British Railway Modelling (BRM)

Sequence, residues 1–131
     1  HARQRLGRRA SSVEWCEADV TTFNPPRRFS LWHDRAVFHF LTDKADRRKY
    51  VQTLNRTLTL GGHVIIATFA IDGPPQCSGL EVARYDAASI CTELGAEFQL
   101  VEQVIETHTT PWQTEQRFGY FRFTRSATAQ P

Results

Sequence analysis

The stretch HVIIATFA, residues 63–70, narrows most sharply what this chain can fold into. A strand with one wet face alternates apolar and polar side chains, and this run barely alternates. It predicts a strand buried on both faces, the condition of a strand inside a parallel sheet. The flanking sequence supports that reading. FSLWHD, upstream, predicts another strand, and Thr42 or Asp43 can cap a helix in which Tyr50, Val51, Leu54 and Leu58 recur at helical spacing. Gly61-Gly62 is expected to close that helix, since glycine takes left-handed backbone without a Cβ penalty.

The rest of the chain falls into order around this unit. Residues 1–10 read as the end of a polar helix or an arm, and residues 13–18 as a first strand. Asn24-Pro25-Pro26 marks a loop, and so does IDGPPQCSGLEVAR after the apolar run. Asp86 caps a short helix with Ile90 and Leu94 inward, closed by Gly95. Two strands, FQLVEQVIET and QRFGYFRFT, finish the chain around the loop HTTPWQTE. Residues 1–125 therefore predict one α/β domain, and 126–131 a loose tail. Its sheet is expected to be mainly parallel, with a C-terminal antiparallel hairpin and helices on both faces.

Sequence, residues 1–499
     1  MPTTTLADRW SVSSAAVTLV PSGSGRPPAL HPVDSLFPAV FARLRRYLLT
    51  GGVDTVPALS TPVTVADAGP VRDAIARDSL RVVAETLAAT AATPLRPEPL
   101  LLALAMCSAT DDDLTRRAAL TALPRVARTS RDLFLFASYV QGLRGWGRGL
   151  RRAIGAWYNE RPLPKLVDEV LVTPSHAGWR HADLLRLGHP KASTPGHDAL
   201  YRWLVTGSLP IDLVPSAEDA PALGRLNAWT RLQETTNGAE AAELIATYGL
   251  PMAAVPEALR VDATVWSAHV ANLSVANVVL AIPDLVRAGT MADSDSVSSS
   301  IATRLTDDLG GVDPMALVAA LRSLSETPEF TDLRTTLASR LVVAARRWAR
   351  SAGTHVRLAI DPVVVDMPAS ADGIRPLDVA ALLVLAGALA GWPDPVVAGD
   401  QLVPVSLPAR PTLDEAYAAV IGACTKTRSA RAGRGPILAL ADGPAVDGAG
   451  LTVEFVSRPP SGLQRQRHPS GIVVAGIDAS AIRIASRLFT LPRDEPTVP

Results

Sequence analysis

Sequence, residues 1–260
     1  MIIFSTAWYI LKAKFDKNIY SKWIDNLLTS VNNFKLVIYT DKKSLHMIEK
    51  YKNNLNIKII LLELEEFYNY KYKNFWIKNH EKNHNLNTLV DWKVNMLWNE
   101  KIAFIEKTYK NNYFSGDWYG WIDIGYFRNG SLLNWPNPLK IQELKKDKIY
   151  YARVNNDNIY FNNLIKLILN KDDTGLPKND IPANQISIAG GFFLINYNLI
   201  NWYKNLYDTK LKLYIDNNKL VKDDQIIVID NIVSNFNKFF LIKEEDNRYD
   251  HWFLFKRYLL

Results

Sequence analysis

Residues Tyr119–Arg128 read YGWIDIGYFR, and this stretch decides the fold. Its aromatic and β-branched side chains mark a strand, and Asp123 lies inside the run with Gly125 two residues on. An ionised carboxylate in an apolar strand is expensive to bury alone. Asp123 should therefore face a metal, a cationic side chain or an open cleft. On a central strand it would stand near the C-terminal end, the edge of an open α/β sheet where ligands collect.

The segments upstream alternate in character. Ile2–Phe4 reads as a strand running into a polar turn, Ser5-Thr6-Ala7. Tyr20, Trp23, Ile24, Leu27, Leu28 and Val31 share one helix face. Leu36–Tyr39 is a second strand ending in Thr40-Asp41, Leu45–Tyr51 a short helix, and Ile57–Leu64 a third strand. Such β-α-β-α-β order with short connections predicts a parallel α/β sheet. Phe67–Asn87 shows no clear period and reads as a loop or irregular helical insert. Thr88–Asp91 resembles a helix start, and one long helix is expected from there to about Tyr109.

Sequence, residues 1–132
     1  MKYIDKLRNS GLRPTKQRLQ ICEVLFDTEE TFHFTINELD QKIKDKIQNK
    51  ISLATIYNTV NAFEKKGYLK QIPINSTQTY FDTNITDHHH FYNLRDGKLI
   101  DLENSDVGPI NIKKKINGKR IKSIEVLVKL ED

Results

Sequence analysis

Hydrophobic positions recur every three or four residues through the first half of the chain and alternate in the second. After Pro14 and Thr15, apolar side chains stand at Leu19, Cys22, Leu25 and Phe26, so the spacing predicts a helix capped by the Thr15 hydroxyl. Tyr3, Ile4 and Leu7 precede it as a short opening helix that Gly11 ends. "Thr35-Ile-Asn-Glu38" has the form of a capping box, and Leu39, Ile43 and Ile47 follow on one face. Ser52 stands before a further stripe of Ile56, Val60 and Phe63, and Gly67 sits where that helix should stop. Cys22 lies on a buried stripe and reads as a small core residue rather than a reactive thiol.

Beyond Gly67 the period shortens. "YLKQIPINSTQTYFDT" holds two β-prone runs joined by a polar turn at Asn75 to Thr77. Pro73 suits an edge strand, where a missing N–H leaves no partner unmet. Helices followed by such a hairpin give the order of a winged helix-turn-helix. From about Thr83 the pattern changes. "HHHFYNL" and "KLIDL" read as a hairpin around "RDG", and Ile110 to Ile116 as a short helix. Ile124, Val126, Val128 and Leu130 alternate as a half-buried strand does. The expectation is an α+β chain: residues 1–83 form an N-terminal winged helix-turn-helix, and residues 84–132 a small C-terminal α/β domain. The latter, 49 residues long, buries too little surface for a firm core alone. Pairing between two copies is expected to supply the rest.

This is the companion volume to the one I reviewed last year, which described the smaller Classes 01 to 35, some of which were not particular­ly successful. It’s about the same size, the same all-colour A4 portrait format, and the same price, representi­ng incredibly good value. The two should always be together. The standard of photograph­y is superb (the frontispie­ce of the Class 47 at Bishop Auckland is one of the finest railway images I’ve ever seen; and not just of the locomotive). The standard of reproducti­on is absolutely first class. Since the work is principall­ypictorial with extended, informativ­e captions, this is essential, helped by printing on top-quality gloss stock – something Amadeus Press is renowned for. Just about every detail and livery manifestat­ion in the locomotive­s is illustrate­d, though it’s a pity no green ‘Western’ image is present. As such, this wonderful work will be of great help to modellers; and not just those of locomotive­s, for the infrastruc­ture these early diesels operated in is also beautifull­y illustrate­d, especially things like wonderful semaphore signalling and complex trackwork, not to mention a fantastic assortment of different trains. Of course, the mighty ‘Deltics’ appealed to me the most, though I saw all the other types as well, particular­ly in the two-tone green I first photograph­ed them in. Gordon Highlander has been mistaken for Ballymoss on page 294. There’s a strange contradict­ion in the caption describing Western Monarch (bottom of page 283) – it’s in the state it’s in not because it wasn’t washed enough, but because it was washed too much! As for weathering, this work will provide inspiratio­n in spades. It’s finished from page 302 onward with pictures and descriptio­ns of pre-TOPS Classes – various shunters, the prototype Deltic and one of the SR 1-Co-Co-1 types. Nothing shows the Ivatt LMS pair, oddly. There are also sections showing Type 4s on the Settle & Carlisle, and diesel (and steam!) scenes between Oxenholme and Shap on the preelectri­fied WCML. All in all, a splendid job – I took many pictures illustrati­ng the same things at many of the same places, so there’s plenty of personal nostalgia for me. If nothing else, it graphicall­y shows how much has been lost forever from our railways – a sad consequenc­e of ‘progress’. As intimated, it’s fantastic value for money and should find a place on any enthusiast’s library shelf.

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